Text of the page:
Yesterday I got a particularly up close and personal look at the health infrastructure of Guam. At about 30 feet, I got a seriously bad pain in my ears that just got progressively worse as the night went on. By 7pm, I was in tears and two of the instructors, Tom and Judy, took me to Guam’s only ER at the recommendation of DAN and the hotel. Our hotel went above and beyond the call of duty and escorted us in a security vehicle. I curled up in the fetal position in the back of the car as Judy held my hand and assured me that it would be alright.
At the ER, we were shuffled through triage and admissions fairly quickly, but sat and waited to see a doctor for about an hour. My ears felt progressively worse until I heard a popping sound and lost all hearing in my right each and partial hearing in my left ear. By this point, I was completely hysterical and Tom went to tell the triage nurse that my condition worsened. They recoded me “blue,” whatever that means, and I was quickly taken to a bed and a doctor sat down with us.
When they moved me into a room, they wanted to take Judy and Tom away from me because I am twenty-one and it is hospital policy that they do not allow unrelated people to accompany patients during treatment. I wouldn’t let go of Judy and Tom flashed his sheriff’s badge at the “rent-a-cop” trying to separate us, so they let us all in together.
The doctor was a short and very thin man with a good sense of humor and some background in hyperbaric medicine. He looked in my ears and tsked, saying that I had endured a moderate barotrauma in my middle ear and my tympanic membrane was bulgding and red. Luckily, my tympanic membrane was not perforated, so they gave me some painkillers, prescribed an antibiotic and a topical analgesic, and a steroid for the swelling in my ear. They had me sit and wait for a nurse to give the injection but fed me a fairly high dose of painkillers. I was loopy by the time they told me they wanted to inject me in my butt. I protested vehemently, saying that they would have to stick me through too many layers of fat. So they did half of the injection in each arm and it turned out okay.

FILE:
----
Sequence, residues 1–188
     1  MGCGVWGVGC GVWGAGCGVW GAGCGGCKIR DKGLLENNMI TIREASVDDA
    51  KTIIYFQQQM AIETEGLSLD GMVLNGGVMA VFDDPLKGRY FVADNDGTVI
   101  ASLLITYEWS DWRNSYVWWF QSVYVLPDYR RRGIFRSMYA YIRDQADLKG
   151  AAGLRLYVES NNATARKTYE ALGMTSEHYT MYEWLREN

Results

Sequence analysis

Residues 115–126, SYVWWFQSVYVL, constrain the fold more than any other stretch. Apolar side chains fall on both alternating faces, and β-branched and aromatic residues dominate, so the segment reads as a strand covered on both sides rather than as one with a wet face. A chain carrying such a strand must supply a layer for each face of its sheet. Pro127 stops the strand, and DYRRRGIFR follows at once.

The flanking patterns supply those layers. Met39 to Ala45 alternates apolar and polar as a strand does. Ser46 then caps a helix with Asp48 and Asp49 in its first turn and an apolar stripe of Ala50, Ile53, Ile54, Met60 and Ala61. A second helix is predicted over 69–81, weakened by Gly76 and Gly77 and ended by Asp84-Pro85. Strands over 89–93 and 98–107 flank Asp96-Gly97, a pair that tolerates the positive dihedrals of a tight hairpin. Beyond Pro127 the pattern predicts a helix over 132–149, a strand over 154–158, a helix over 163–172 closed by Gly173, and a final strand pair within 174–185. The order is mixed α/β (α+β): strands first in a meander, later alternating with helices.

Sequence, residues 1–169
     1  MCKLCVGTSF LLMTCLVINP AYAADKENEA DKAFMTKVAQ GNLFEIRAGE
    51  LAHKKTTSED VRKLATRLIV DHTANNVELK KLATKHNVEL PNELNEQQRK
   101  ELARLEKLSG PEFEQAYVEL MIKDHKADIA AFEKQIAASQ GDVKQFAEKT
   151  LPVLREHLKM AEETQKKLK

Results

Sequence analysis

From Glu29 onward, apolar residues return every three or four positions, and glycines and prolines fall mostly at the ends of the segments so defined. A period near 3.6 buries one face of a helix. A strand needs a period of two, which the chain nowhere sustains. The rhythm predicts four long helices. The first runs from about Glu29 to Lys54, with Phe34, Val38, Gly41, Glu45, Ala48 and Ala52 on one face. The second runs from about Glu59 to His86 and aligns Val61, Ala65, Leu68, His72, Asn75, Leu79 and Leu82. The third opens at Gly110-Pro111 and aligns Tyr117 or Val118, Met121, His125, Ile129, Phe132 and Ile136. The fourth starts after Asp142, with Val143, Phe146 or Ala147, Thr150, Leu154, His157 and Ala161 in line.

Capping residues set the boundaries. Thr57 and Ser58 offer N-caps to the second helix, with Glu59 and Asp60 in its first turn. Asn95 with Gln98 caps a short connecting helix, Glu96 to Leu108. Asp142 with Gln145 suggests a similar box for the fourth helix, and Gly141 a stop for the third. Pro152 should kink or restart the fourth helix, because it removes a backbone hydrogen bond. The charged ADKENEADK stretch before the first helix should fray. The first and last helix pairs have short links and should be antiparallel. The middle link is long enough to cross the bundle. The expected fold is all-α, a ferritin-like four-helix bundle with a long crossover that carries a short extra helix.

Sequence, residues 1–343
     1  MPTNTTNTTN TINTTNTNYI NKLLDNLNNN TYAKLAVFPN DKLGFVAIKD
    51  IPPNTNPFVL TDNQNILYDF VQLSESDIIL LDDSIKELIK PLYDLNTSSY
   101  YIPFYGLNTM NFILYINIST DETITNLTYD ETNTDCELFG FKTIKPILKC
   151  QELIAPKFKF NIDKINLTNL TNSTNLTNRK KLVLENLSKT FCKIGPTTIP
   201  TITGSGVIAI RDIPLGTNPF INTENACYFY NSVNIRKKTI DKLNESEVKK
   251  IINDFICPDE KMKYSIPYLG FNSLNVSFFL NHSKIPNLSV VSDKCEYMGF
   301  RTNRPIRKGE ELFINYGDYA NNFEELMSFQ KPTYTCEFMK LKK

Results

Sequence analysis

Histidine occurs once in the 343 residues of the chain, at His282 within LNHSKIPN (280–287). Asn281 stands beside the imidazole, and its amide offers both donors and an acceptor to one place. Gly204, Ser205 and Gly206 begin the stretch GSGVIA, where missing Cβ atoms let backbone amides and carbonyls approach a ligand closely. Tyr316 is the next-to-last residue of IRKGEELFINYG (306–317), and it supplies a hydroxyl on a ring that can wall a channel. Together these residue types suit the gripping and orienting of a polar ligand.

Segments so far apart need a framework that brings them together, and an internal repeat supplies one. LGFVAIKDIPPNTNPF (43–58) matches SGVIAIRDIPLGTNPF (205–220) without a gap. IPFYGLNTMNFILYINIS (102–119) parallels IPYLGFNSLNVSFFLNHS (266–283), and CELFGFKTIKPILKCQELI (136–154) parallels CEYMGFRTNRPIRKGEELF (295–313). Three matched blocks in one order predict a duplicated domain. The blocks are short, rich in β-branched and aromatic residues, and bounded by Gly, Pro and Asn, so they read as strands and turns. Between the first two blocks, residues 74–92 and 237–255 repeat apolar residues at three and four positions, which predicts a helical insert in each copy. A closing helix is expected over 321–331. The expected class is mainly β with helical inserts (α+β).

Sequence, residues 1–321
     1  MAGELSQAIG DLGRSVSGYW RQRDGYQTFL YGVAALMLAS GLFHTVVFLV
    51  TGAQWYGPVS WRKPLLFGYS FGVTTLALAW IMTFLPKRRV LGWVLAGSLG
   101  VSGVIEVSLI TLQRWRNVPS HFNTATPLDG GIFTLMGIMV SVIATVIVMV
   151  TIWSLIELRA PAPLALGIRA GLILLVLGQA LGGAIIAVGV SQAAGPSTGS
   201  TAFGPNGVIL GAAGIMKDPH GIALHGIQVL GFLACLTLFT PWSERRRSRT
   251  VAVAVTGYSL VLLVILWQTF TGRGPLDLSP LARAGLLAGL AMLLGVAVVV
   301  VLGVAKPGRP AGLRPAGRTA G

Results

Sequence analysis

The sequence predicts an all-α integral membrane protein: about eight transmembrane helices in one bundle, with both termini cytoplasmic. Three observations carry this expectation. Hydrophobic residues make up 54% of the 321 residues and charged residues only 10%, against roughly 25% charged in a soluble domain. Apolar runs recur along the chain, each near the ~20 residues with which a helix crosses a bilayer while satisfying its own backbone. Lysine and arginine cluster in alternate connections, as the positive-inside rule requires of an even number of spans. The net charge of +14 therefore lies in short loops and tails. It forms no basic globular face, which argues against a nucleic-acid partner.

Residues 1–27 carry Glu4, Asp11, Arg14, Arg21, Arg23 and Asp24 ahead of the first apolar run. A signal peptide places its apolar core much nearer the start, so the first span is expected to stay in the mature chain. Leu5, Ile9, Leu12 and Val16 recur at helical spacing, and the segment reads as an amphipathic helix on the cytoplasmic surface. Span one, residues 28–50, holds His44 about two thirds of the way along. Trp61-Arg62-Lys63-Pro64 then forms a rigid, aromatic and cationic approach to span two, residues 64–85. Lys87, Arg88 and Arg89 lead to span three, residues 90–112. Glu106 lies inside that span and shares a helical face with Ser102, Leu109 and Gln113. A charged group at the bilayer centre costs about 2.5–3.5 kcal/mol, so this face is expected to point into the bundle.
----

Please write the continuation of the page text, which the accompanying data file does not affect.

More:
We went to a restaurant called the Marianas Trench, which was a Thai restaurant that was very tasty. There were tons of military-looking men being served by women dressed in pirate costumes, and it took me back to a time where comfort women were common in Southeast Asia. It was a very strange atmosphere. The food was good. We just got back and I’m about ready to curl up in bed and fall asleep.
One more thing – I’ve not been lazy with blogs! I just can’t post them here because they’re in the pipeline for publication on Scientific American.